The sad thing is that our ideals for the church do not reflect biblical reality, either. We think that the Bible promises a church where we find only safe people. But the Bible says that the church is full of wolves as well as sheep. In the church, we will find both tremendous healing and potentially tremendous hurt. And if we are going to find healing and minimize hurt, we need to make sure that we see the church as God describes it to us. We need to operate according to biblical reality instead of our fantasized wishes, for biblical reality is the one that will fit the experience we find in the real world.
Our experience and the Bible affirm the same thing. The church is full of safe people, unsafe people, and hurtful lingerers. There is no perfect family short of heaven. But there is also no absolute hell full of demons either. And the Bible's clear message is that we need to be discerning. We need to make informed choices, and we need to be careful. But we also need to avoid becoming pessimistic and learn to recognize the goodness that abounds within the family of God (Matt. 25:34—40). If we become skeptics and give in to our fears of bad outcomes, God says that we will lose the little that we have.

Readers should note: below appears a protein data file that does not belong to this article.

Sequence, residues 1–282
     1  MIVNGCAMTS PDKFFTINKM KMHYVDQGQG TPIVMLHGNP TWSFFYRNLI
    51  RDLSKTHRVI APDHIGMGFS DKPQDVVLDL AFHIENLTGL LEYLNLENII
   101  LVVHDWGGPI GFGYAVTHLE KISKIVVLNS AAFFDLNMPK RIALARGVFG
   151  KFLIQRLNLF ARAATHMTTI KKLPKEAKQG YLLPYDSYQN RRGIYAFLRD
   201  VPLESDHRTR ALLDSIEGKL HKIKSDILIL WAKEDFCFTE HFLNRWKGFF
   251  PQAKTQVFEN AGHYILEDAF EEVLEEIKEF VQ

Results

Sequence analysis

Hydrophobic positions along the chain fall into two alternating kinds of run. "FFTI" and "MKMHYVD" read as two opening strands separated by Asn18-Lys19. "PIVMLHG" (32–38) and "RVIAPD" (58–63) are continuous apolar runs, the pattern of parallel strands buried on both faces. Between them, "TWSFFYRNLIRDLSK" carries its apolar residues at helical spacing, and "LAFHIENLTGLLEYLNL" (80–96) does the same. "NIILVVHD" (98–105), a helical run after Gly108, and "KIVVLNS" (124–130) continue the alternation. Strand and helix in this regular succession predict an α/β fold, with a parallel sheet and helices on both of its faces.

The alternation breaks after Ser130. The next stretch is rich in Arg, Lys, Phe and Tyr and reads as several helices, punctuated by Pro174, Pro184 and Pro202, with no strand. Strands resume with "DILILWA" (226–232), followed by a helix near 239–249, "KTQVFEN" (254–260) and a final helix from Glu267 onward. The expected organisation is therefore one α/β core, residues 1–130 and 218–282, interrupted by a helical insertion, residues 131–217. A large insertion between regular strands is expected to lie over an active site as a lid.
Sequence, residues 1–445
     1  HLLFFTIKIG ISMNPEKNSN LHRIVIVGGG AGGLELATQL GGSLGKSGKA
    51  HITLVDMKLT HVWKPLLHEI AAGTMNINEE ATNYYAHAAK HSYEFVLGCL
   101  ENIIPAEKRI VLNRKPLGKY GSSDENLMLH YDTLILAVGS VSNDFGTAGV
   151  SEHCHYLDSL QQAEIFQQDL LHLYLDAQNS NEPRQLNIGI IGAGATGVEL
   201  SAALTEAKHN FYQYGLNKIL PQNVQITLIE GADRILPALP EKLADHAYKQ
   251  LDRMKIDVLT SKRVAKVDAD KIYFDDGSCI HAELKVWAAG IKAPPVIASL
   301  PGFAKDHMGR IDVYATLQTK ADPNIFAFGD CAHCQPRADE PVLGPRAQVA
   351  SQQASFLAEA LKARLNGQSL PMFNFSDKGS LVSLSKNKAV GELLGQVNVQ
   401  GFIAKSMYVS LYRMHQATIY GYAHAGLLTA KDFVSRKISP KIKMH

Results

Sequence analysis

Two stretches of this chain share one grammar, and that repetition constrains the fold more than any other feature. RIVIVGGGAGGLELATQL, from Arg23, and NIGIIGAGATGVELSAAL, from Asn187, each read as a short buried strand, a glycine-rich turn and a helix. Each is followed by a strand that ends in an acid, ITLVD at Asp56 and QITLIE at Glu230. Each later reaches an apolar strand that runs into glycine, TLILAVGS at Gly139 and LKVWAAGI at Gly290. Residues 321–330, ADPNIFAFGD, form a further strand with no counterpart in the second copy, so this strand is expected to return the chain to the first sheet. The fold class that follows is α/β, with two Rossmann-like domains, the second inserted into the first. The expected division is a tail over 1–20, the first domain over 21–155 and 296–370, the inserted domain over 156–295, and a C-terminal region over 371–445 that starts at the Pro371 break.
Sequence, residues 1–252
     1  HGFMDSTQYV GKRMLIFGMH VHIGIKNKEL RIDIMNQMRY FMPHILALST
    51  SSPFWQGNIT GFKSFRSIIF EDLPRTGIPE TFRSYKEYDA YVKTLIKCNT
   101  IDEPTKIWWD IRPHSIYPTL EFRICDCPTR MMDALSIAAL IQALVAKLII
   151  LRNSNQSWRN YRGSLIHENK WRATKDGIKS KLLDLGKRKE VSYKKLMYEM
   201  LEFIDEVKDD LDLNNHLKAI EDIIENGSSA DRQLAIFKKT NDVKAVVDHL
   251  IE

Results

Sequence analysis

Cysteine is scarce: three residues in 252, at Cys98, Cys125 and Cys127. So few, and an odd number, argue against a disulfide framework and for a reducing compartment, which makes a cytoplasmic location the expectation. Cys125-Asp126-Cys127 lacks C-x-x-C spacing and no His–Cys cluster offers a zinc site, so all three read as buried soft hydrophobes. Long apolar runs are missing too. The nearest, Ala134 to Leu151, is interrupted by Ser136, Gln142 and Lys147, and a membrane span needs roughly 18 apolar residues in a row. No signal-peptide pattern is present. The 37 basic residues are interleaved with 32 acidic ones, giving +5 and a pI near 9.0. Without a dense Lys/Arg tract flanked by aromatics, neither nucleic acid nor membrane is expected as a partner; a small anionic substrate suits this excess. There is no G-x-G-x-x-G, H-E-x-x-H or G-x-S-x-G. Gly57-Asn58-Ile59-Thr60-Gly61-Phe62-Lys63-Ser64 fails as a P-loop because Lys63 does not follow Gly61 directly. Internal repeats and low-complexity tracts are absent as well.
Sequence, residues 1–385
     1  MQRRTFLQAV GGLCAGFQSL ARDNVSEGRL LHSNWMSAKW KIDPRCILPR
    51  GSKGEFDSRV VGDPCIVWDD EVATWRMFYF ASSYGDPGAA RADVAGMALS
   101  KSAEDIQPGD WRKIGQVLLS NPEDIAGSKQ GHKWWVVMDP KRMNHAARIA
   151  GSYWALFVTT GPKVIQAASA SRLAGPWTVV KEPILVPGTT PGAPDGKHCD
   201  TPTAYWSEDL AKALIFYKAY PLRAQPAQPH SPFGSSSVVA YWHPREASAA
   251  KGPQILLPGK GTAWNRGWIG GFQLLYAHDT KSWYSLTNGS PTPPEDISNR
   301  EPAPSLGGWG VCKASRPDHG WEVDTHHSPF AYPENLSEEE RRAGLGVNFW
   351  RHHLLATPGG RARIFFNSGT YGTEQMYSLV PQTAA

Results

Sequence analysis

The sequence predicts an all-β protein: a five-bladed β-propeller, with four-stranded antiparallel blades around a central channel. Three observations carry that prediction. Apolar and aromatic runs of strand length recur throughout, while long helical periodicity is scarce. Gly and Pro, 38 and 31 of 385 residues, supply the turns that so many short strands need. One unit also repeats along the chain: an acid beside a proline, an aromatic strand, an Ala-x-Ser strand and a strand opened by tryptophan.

So, the long and the short of it is that we have to work to find safe people, using our wisdom, discernment, and character. We gain wisdom and discernment through knowledge and experience. But if our own character problems get in the way of using our knowledge and experience we will make poor choices. We need to make sure that we are facing the weaknesses inside and dealing with them, becoming people of character who can choose other people of character, with a knowledge of what they look like. As we get the log out of our own eye first, we will be able to see clearly.
Adapted from Safe People: How to Find Relationships That Are Good for You and Avoid Those That Aren't by Dr. Henry Cloud and Dr. John Townsend. Learn more about this helpful book.